Last updated: 8/4/2017, through Amendment 15.
NOI due date: 11/16/2017
Proposal due date: 2/22/2018
Data Availability date: 2/1/2018
The Solar System Workings (SSW) program is described in Appendix C.3 of the ROSES 2017 NRA. On July 10, 2017, it was modified by Amendment 15 which replaced the requirement for a step 1 proposal to the requirement for a Notice of Intent (NOI). Amendment 15 also adjusted the proposal due date to February 1, 2018 and revised some of the content of the call. The full document can be accessed under Solicitations at the NSPIRES web site.
This is a very wide ranging call. While we provide a brief synopsis here, proposers must refer to the call for specifics.
The Solar System Workings program solicits proposals for innovative scientific research related to understanding the atmospheric, climatological, dynamical, geologic, physical, and chemical processes occurring within the Solar System. This program is open to investigations relevant to surfaces and interiors of planetary bodies, planetary atmospheres, rings, orbital dynamics, and exospheres and magnetospheres. The Solar System Workings program values the potential of interdisciplinary efforts to solve key scientific questions. The program also values research in comparative planetology. Research supported by this call may include data synthesis, laboratory studies that examine physical or chemical properties and processes, studies of sample or analog materials of other Solar System bodies, field studies of terrestrial analogs of planetary environments, or theoretical and numerical modeling of physical or chemical processes.
This program seeks to understand processes that occur throughout the Solar System, as well as those specific to individual objects and systems, but inform our understanding of the fundamental processes at work. A nonexhaustive list of areas of research called for in this solicitation follows. For conciseness in this list, the term "planetary" refers to Solar System objects other than the Sun (ranging in size from small objects, like comets and asteroids, through natural satellites, and up to planets) and structures (such as atmospheres, ionospheres, and ring systems).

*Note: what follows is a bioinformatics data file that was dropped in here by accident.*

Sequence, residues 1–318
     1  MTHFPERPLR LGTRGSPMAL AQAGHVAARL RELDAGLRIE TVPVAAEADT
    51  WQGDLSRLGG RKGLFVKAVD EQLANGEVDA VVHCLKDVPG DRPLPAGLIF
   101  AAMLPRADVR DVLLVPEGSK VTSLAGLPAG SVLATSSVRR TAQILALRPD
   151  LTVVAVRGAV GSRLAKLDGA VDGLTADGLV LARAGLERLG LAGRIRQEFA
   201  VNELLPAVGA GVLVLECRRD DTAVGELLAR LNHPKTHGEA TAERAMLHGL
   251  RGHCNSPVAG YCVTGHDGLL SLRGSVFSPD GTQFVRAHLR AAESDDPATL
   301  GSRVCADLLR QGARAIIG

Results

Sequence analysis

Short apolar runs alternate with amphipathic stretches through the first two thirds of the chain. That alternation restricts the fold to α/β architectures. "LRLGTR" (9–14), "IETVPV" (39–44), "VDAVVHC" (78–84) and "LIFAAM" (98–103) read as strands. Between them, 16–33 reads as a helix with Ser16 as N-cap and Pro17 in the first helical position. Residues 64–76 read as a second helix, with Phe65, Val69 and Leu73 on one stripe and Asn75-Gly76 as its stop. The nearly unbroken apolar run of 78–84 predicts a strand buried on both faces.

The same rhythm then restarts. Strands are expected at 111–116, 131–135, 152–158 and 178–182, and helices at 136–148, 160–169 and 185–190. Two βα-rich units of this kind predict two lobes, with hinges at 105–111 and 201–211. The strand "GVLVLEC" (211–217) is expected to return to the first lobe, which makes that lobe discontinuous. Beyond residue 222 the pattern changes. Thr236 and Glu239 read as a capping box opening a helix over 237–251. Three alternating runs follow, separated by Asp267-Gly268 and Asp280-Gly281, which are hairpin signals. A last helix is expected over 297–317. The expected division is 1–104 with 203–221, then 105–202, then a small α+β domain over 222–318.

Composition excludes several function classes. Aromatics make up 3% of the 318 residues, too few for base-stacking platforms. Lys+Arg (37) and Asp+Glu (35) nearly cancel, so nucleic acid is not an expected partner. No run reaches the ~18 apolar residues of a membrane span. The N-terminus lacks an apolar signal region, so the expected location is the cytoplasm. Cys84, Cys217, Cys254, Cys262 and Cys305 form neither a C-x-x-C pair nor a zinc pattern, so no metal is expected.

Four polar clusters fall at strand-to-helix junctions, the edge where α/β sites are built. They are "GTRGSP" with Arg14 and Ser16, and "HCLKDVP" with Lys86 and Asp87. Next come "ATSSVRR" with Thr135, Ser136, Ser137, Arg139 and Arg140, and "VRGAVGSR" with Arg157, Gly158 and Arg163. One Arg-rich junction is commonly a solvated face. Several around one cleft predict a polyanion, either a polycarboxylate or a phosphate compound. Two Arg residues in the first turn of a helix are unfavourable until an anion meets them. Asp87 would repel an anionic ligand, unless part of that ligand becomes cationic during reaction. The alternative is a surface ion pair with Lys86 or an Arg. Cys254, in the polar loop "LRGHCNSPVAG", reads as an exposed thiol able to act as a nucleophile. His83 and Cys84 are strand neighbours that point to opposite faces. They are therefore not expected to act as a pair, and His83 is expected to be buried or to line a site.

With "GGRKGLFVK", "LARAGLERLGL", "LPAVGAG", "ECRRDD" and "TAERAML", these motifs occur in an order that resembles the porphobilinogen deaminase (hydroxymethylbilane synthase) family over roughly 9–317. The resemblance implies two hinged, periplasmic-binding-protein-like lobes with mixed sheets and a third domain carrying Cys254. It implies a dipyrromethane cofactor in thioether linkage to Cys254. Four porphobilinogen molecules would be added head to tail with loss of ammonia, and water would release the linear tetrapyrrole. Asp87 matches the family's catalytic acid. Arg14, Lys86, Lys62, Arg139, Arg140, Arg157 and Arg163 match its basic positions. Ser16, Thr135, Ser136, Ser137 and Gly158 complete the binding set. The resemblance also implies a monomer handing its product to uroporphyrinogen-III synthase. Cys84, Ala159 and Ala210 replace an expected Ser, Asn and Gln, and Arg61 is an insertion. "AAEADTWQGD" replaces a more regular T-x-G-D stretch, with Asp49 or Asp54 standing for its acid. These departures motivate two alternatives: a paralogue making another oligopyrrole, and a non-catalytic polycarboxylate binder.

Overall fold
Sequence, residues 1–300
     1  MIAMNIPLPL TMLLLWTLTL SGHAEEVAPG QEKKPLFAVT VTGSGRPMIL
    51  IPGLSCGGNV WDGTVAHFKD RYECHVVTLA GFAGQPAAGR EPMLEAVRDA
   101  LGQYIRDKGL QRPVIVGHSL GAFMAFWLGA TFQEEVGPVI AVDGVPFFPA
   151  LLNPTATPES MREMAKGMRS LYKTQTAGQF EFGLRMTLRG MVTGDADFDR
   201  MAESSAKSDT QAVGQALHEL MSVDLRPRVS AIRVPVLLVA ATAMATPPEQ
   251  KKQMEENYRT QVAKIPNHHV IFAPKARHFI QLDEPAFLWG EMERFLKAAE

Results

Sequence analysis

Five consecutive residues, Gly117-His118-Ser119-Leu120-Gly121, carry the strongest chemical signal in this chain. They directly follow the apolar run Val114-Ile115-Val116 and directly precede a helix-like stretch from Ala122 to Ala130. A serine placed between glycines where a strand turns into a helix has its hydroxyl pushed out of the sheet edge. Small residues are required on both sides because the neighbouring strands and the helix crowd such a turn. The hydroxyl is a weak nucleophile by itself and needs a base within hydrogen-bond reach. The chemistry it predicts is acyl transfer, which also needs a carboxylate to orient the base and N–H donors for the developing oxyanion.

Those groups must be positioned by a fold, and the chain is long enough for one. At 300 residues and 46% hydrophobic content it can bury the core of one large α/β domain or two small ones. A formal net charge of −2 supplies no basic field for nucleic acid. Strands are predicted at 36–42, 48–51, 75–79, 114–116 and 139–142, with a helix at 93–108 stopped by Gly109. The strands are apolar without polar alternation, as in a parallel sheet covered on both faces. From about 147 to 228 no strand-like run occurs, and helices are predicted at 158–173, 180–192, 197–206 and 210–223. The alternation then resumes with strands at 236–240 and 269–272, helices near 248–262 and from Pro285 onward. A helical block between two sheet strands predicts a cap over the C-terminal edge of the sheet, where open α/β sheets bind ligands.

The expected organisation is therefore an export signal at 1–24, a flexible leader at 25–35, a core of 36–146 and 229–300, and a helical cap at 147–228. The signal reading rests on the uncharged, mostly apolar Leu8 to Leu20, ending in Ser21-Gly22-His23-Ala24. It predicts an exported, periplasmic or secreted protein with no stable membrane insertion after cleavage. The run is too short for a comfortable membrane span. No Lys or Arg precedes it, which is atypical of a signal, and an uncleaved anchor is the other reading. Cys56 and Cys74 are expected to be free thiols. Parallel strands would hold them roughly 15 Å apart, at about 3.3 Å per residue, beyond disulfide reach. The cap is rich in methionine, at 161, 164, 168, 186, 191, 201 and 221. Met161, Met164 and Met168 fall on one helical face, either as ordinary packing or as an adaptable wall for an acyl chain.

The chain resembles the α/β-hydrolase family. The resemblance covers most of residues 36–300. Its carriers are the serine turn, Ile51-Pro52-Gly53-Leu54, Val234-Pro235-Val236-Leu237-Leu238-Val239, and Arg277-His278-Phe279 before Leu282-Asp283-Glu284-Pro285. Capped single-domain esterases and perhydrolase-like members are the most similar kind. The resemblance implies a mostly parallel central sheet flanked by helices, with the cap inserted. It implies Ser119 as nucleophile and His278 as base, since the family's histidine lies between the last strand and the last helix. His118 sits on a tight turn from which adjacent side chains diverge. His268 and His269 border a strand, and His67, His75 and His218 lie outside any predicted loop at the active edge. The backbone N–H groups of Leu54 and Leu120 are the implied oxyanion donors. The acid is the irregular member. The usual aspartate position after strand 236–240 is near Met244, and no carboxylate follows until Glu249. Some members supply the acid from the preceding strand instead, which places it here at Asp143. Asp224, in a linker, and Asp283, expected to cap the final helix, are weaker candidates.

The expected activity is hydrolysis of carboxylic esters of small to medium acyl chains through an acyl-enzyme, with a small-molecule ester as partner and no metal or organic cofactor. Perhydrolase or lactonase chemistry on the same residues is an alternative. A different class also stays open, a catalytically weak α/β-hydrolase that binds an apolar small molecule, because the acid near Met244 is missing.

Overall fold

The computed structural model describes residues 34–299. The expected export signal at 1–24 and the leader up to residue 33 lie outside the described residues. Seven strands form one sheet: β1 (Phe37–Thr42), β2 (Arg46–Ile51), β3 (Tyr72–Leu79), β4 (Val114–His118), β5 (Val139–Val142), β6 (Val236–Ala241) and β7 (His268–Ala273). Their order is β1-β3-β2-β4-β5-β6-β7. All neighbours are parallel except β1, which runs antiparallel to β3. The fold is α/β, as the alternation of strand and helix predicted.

The specific data availability and restrictions given for the 2017 SSW are given in Sections C.3 and C.1 of ROSES 2017:
For volumes at the Ring-Moon Systems Node which meet the SSW basic eligibility requirements for publicly available timing (based on the Step 2 Proposal due date), see the Data Status tab.
The Ring-Moon Systems Node generates HST "volumes" which do not contain data. They point to data maintained at STScI. These volumes identify HST data, in the public domain, which contain observations of one or more outer planet system(s) (Jupiter through Pluto), and are used to support our search tool, OPUS.
our Outer Planets Unified Search tool OPUS, allows users to search for and obtain subsets of data based on a wide range of constraints. OPUS supports Cassini CIRS, ISS, UVIS and VIMS data, New Horizons LORRI and MVIC data, Galileo SSI data, Voyager ISS data, HST ACS, WFPC2 and WFC3 data. The results returned include preview products and tables of metadata.
Our mission information pages provide overviews of data sets and instruments along with links to detailed descriptions of the instruments and to the data and to Ring-Moon Systems Node generated browse images and footprint diagrams.
SPICE data and software may be obtained from the NAIF web site.SPICE data files contain spacecraft and solar system geometry data necessary to interpret scientific observations from space-based instruments. The SPICE system also includes a large suite of software, mostly in the form of subroutines, that users incorporate in their own application programs to read SPICE files and to compute derived observation geometry, such as altitude, latitude/longitude, and lighting angles.
SPICE data and software may be obtained from the NAIF web site. SPICE data files contain spacecraft and solar system geometry data necessary to interpret scientific observations from space-based instruments. The SPICE system also includes a large suite of software, mostly in the form of subroutines, that users incorporate in their own application programs to read SPICE files and to compute derived observation geometry, such as altitude, latitude/longitude, and lighting angles.